The books, reference works, journal articles, and case studies in SAGE Research Methods provide everything you need to design and execute a research project.


From verifying that your research question is a good one to conducting a literature review, to choosing and applying a methodology, the content in SAGE Research Methods will inform every step of your project.


 Video: What is Sage Research Methods



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Swinburne architecture exhibition online

Posted September 03, 2014 in category General by Nyssa Parkes

Artist Peter Garnick's photographic exhibition featuring Swinburne's new ATC and AMDC buildings spans three years of construction - from first designs to final touches.

Thanks to the generosity of the artist, the exhibition images are now available online via Swinburne Image Bank - Swinburne's open access collection of images illustrating the rich history of the University.

Visit Swinburne Image Bank to view the full exhibition.

AMDC Victorian facade

Advanced Manufacturing and Design Centre (AMDC) Victorian façade

The factory of the future, AMDC, October 2013

The factory of the future, Advanced Manufacturing and Design Centre (AMDC)

Melbourne Town Hall clock tower and ATC

Melbourne Town Hall clock tower and Advanced Technologies Centre (ATC)

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World Beard Day is this weekend!

Posted September 02, 2014 in category General by Sue FOSTER

World Beard Day will be on 6th of September this year.

Beard owners and appreciators on every continent are encouraged to celebrate.

Why not invite a few bearded friends over to binge-watch our most hirsute dvd Vikings Season 1   ... or play your favourite sport with Bearded vs Non-Bearded teams (with the beardless team heavily handicapped).

The official website  has more suggestions if you want to organise your own World Beard Day event.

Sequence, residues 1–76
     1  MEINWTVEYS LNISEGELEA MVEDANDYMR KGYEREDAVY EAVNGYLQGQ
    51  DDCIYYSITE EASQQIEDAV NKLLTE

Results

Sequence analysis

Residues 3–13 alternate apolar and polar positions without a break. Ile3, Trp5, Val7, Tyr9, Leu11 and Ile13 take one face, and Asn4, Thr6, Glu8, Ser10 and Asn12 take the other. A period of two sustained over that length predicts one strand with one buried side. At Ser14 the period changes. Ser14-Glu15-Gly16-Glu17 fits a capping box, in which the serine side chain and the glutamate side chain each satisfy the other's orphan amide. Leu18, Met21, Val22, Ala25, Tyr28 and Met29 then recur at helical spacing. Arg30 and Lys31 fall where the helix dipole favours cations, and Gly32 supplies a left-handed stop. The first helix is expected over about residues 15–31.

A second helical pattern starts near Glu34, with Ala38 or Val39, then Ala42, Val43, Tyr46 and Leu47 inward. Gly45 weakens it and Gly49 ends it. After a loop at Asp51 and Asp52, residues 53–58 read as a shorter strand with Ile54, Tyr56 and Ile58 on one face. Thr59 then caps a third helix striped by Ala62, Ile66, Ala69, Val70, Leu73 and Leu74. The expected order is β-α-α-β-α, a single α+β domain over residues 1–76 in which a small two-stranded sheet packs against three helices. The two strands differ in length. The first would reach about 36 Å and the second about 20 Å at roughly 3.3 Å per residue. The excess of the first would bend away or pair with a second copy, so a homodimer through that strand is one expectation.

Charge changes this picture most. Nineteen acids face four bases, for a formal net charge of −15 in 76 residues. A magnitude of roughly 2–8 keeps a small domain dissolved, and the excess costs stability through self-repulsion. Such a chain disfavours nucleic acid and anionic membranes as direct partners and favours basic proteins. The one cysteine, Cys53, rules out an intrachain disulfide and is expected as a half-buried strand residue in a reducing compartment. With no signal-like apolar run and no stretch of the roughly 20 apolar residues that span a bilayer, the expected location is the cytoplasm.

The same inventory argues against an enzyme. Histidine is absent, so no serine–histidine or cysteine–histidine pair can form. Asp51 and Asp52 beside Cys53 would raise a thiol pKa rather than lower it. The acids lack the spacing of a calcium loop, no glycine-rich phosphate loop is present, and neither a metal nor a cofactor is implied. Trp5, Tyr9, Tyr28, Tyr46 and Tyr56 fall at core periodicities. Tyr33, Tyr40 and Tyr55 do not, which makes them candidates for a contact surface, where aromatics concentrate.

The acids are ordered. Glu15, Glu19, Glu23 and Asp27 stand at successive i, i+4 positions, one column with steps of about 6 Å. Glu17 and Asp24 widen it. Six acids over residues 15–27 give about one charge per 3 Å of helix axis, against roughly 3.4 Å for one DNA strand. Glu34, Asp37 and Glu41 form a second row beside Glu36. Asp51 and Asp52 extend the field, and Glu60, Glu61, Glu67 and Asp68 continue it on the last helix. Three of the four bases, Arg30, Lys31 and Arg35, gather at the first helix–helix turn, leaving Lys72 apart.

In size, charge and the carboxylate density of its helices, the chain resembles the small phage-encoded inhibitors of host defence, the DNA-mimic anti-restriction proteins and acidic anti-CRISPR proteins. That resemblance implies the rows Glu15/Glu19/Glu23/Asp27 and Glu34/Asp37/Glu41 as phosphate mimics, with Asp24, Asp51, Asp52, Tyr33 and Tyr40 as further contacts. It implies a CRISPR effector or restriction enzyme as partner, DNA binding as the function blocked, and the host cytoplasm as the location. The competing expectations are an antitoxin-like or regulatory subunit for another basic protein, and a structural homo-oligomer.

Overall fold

Make sure you check out the display of specially bearded books in the Library this week.                                                                                  

Image credit: Flickr UMBC SEB Fall 2013


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Welcome to OUA students

Posted September 01, 2014 in category General by Susan ROBERTS

As an OUA student you can access over 500,000 eBooks, a broad range of databases and other online materials through the Swinburne University of Technology Library from the comfort of your home.

Most of your course content will be in Blackboard, however you will be required to undertake further research when completing assessment tasks.  Use the library to access online journals, eBooks, newspaper articles and video archives to further deepen your understanding of a specific topic.

You can even borrow books and have them mailed out to you Australia-wide, although if you live close enough you are welcome to use our campus libraries in person.

To find out more please visit the Swinburne Library or if you would like to ask a question of our library staff, contact them here.

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More silent study spaces at Hawthorn campus

Posted August 19, 2014 in category General by Kim Tairi

In the recent 2014 Library Client Survey you told us that there was not enough study space on campus. We are pleased to announce that the Library and Facilities have opened two new silent study spaces this semester:

  • BA202 & 203- Silent study space open 24/7. To  get 24 hour access you need to register online
  • SR (formerly Swinergy) - 84 seat silent study space
If you want real time information about study space on Hawthorn campus download the Swinburne app or visit Study spaces.

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Web of Science meets Google Scholar

Posted August 18, 2014 in category General by Kim HODGMAN

Did you know that Web of Science is now connected to Google Scholar?

Search the Web of Science Core Collection and open up the full record of a citation. You'll see a link to Google Scholar via the Look Up Full Text button. From there, you can view any Google Scholar citation counts and access full text if it is available.